The sum of these parts in the 2019 “Ciallabianco” (★★★★★) is nothing shy of outstanding. A serious wine on a par with top-level German Riesling and Grand Cru Chablis (i.e. in terms of mood, longevity, type of drinker), it carries a brooding energy under its stony and citric surface. The Ribolla Gialla and Verduzzo are harvested and co-fermented in barrel together, while the Picolit is blended in later. Consider this wine for a special occasion, but don’t limit it to just that.

60% Ribolla Gialla, 25% Picolit, 15% Verduzzo

2020 Ronchi di Cialla “RiNera” Friuli Colli Orientali Schioppettino


Schioppettino and Ribolla Nera are one and the same, and while a lack of DNA connection between the grape and Ribolla Gialla makes the latter name a thing of the past, Ronchi di Cialla likes to tip their hat to it with “RiNera,” the more youthful and less-structured entry-level Schioppettino of the estate. The 2020 “RiNera” (★★★★ 3/4) is a nice wine to reach for in a First-Taste of Schioppettino scenario, for it reveals the pure character of its natural fruit profile: a mash-up of juicy raspberries, currant, pomegranate and plum. You might also find the peppercorn spice of the grape to be somewhat Cabernet Franc-like.

I particularly like how delicate, juicy and lean “RiNera” shows upon release — a nice partner for summer grilling.

100% Schioppettino

2016 Ronchi di Cialla “Schioppettino di Cialla” Friuli Colli Orientali Schioppetino

1992 Ronchi di Cialla “Schioppettino di Cialla” Friuli Colli Orientali Schioppetino


The star of the show at Ronchi di Cialla is undoubtedly the “Schioppettino di Cialla,” a wine that vintage after vintage shows remarkable complexity and richness while preserving its sense of lightness. This wine is consistently open and approachable in youth, but also reveals quite a bit of surprise with age.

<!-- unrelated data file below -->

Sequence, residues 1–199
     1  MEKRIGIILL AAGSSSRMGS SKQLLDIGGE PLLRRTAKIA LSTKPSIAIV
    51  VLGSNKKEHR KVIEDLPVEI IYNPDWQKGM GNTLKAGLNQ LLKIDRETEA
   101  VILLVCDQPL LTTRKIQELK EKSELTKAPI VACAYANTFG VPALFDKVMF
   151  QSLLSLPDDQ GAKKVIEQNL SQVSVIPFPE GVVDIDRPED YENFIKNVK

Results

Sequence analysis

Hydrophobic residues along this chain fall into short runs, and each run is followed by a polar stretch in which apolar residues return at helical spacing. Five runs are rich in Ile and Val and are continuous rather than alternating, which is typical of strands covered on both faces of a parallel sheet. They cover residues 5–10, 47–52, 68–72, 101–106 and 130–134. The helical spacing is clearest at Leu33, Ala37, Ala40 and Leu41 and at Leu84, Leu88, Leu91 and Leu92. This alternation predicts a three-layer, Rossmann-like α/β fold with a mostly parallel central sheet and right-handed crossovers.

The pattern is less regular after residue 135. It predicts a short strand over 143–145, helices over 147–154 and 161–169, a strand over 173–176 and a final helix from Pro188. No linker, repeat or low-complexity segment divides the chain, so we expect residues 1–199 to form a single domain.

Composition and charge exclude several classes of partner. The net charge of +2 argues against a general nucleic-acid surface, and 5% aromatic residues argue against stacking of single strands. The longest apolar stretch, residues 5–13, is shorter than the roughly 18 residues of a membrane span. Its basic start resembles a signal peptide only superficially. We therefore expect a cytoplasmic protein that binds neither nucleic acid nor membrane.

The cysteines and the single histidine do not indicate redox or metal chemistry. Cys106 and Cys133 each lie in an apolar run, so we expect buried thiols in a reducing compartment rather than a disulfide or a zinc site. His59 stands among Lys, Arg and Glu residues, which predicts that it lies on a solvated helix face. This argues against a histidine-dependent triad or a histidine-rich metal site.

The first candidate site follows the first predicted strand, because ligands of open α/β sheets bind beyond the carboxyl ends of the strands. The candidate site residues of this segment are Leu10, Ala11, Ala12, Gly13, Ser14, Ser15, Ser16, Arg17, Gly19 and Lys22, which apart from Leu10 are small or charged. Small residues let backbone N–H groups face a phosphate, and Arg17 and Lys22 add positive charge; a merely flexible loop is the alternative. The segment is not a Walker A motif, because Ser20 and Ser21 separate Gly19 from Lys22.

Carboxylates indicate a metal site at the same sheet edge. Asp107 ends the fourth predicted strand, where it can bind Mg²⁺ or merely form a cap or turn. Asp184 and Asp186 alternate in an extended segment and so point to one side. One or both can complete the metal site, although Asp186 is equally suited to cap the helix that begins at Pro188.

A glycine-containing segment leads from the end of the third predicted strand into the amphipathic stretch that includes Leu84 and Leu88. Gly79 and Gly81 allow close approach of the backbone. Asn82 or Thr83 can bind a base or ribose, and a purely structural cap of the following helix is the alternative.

That said, the 2016 “Schioppettino di Cialla” (★★★★★) seemed to be in the sweet spot, offering wonderful aromas akin to plums and pomegranate with suggestions of tilled soil and snappy peppercorn. The overall sensation on the palate is of high-toned fruit and compelling spice, with that earthiness giving the wine edge. The tannin profile is also quite unique in that you don’t notice them at all, but boy are they there, holding everything together. Rapuzzi described the “long-chain tannins” of Schioppettino, which lend silkiness and keep the wine from being prickly in the mouth. This exceptional vintage demonstrates that give and take — a hallmark of what we often simply call “elegance” — brilliantly.

But to show me how the Schioppettino di Cialla holds its form over proper aging, Rapuzzi also opened and poured a 1992Schioppettino di Cialla” (★★★★★). Incredibly, the color was almost exactly the same as the 2016, showing considerable vibrance and none of the “red brick” we often see with many Italian red varieties at such a stage. Furthermore, the alcohol levels (12.5%!) were unchanged, a sign of how special the alchemy of Schioppettino and the Cialla Valley is in the age of climate change.

Next to its younger counterpart, the 1992 was immediately identifiable as Schioppettino di Cialla, with just a hint of leather being that “something extra,” as well as more subtlety. “A quiet beauty” I wrote in my notes, before fumbling for words to describe the persistence of the wine’s acidity. You know a wine is excellent when your words fail you!

This is not only one of the most unique wines in all of Friuli; it is one of the greatest wines in Italy. Any wine obsessive would find benefit in getting to know its voice.

Both wines are 100% Schioppettino



Note: This tasting occurred in November 2022.

Red Corkscrew Illustration ©Opening a Bottle

Ronchi di Cialla: The Saviors of Schioppettino

In a hidden valley in Friuli, the Rapuzzi family presides over a biodiverse treasure. Our companion story might have you looking at land management for wine in a whole new light.

Read the story

The wines of Ronchi di Cialla. ©Kevin Day/Opening a Bottle
Ivan Rapuzzi of Ronchi di Cialla. ©Kevin Day/Opening a Bottle
Vineyard at sunset in the Cialla Valley of Friuli, Italy with a house on top of the hill. ©Kevin Day/Opening a Bottle
2021 Ronchi di Cialla Friuli Colli Orientali Ribolla Gialla ©Kevin Day/Opening a Bottle
Biodiverse vineyards at Ronchi di Cialla. ©Kevin Day/Opening a Bottle
2019 Ronchi di Cialla "Ciallabianco" Friuli Colli Orientali Bianco ©Kevin Day/Opening a Bottle
A view into the Schioppettino di Cialla vineyard at Ronchi di Cialla. ©Kevin Day/Opening a Bottle